Written by 6:00 am Digital Transformation, Feature

Knowledge is power… why knowledge sharing is key to modern field service (part one)

Establishing a knowledge base is a strategy that can yield numerous benefits for a field service organisation and once the initial pain of setting it up is accomplished it can become self-perpetuating. One company that have adopted this approach is medical device manufacturers Elekta

The devices Elekta manufacture deliver radio therapy treatment for cancer care and are one of the leaders in the niche field of image guided radiotherapy. Devices such as a linear accelerator that delivers extremely accurate radiation used in sterotactic treatment for tumours are a core part of their product line. These devices capable of delivering are very high precision, sub millimetre accuracy radiation.

As you can imagine these are highly complicated devices with many modalities  and while they have many computer systems and software applications controlling the treatment planning systems and oncology information system, there are obviously a lot of electronics mechanics and pneumatics within the device as well as a vacuum system and of course a way of generating radioactivity in a very controlled way.

So Elekta’s field engineers tend to be extremely smart folks. Many of them are actually physicists, or bio-science graduates with PHDs and it takes a long time to train an engineer, from a relatively high level of knowledge in the first place, through to becoming competent engineers who can resolve all of the problems that might occur on such a sophisticated type of devices.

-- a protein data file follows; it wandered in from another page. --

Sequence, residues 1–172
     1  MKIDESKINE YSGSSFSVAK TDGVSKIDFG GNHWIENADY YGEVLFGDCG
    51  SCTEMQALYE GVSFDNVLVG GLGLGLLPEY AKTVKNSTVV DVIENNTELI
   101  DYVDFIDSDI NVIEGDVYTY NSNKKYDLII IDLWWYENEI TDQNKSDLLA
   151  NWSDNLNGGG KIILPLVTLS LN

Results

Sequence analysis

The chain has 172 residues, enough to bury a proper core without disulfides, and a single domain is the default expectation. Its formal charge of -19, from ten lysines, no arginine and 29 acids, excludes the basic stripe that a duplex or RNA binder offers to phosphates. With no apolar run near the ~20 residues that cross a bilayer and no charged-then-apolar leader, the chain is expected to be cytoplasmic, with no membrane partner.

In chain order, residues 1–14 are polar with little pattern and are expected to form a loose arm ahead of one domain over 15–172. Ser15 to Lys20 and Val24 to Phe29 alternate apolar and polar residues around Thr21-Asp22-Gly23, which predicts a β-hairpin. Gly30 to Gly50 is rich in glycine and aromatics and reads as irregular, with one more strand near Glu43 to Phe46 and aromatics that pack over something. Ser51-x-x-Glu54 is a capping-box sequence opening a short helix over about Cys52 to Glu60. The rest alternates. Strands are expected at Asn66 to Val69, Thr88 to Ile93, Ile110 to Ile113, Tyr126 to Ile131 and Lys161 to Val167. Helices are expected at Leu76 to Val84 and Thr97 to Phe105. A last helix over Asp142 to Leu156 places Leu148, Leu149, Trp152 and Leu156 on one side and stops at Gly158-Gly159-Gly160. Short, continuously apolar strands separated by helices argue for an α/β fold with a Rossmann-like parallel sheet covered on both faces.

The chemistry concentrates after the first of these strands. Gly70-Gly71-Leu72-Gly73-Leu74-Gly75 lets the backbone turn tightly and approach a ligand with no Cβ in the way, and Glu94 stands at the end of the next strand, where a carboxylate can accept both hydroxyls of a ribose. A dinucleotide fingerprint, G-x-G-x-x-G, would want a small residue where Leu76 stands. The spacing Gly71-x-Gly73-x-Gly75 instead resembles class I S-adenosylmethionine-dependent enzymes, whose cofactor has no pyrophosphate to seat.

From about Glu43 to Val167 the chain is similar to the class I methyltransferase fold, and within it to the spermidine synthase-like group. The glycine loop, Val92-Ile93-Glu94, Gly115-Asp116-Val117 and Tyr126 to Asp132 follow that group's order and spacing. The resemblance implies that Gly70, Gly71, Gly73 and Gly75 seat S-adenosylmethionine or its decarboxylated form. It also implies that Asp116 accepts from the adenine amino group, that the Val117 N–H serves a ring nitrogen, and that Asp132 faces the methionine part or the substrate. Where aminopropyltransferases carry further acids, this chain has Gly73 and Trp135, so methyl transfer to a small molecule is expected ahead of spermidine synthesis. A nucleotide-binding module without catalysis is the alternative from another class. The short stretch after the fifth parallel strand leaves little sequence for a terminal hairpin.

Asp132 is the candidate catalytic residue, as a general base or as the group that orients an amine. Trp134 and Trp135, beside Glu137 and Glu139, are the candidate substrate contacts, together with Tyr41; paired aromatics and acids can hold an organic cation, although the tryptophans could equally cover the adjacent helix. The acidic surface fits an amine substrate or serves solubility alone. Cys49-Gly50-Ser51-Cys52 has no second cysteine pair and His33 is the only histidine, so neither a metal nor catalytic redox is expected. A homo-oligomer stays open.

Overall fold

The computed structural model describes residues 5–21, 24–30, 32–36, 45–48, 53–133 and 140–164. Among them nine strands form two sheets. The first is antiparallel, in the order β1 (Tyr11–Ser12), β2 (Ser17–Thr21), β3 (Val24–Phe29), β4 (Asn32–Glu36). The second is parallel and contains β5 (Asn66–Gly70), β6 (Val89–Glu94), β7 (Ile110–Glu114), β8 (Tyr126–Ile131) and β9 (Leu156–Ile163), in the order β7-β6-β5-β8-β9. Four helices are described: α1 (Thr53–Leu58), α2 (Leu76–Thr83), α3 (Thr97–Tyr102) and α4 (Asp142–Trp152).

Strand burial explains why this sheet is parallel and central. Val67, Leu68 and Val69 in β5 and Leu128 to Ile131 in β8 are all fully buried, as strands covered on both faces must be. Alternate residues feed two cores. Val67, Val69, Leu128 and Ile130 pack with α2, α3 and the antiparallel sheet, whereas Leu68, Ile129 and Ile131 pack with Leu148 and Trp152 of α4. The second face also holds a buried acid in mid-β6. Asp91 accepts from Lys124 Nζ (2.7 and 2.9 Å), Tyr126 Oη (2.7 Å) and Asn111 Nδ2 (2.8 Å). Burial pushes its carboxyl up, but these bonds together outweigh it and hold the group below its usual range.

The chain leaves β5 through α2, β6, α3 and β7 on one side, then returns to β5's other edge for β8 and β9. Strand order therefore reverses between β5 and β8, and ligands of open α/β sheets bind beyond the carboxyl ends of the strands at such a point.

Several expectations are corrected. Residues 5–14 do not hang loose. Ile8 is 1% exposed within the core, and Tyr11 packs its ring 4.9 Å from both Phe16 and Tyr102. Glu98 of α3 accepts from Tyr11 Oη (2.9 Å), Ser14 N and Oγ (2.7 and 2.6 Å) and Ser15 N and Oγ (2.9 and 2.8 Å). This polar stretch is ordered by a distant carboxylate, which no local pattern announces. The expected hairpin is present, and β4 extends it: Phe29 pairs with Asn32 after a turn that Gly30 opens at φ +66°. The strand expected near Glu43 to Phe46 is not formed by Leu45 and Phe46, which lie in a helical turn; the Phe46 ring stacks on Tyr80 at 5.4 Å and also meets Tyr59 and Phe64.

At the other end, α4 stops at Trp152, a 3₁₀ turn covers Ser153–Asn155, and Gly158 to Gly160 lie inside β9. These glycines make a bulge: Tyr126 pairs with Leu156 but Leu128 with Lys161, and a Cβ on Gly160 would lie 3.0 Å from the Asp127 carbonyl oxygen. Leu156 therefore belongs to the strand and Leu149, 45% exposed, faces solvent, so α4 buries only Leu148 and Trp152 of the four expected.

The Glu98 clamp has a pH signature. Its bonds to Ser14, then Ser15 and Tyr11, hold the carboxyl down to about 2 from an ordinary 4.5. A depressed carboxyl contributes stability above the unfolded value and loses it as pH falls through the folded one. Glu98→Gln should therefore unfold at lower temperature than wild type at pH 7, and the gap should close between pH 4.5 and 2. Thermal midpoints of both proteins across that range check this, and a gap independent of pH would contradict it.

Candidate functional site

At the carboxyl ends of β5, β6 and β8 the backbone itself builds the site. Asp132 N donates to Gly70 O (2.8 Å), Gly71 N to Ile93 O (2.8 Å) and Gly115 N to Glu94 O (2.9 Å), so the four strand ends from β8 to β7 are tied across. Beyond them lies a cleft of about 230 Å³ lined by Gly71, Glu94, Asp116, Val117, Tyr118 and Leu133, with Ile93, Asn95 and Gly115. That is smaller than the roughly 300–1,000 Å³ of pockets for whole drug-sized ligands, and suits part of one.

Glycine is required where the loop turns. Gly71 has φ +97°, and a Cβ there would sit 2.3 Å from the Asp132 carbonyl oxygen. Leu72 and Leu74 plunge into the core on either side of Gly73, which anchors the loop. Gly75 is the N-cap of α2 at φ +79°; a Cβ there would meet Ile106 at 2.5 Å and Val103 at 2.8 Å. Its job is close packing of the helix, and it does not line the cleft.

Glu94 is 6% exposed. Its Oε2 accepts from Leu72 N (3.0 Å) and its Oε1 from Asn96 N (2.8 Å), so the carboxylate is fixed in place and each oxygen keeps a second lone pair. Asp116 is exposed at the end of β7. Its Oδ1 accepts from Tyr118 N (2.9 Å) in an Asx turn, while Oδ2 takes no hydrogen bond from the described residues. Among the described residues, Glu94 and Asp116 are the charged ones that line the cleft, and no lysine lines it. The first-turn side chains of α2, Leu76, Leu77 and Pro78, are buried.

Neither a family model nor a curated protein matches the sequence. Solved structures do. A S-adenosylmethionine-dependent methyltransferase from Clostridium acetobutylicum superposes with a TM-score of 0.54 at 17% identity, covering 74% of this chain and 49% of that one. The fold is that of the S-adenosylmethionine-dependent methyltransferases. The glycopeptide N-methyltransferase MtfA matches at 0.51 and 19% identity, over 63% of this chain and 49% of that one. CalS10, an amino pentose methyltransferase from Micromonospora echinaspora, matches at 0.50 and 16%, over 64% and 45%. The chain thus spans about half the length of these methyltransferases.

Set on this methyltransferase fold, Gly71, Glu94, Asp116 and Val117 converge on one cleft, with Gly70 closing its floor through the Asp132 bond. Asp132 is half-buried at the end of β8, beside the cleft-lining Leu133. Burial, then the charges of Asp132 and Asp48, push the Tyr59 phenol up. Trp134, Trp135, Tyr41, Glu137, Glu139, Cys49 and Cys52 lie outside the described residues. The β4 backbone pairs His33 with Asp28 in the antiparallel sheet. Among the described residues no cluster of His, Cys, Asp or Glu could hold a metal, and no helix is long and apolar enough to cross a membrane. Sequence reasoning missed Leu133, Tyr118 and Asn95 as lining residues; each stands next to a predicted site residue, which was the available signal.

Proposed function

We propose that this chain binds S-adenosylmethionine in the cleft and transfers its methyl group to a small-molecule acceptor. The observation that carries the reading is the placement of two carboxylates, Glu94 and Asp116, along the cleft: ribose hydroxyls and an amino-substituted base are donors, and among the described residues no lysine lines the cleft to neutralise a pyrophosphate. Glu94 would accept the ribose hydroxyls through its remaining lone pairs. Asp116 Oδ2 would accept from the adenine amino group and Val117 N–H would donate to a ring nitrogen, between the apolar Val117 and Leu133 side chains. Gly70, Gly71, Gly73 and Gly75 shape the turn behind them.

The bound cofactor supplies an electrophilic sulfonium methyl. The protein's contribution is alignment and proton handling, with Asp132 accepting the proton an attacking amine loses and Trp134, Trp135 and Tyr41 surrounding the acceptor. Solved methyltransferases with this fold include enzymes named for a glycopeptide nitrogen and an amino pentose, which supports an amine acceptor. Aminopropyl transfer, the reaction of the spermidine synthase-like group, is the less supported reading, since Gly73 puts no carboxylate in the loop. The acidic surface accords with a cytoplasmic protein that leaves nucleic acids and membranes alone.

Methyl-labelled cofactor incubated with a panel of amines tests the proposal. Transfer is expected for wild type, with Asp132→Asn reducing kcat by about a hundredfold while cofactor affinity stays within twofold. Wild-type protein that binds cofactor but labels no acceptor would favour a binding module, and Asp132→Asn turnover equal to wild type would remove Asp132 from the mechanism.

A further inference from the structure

This of course means that training engineers can be a long and challenging process. This is becoming a particular challenge in the developing markets of Asia Pacific and Latin America, where unfortunately due to the prevalence of Cancer there is an on-going struggle to keep up with developing enough engineers in order to be able to support the growth of product sales.

Especially in rapidly growing markets like China and Brazil.

Of course for a company in such a situation the efficient training support of the engineers, becomes extremely important.

“An important challenge for Elekta has been around the tackling the questions ‘how do we share knowledge around the whole service organisation?’” revealed Elekta Senior Vice President of Service, Martin Gilday during a recent presentation at a meeting hosted by UK non-profit group the Service Community.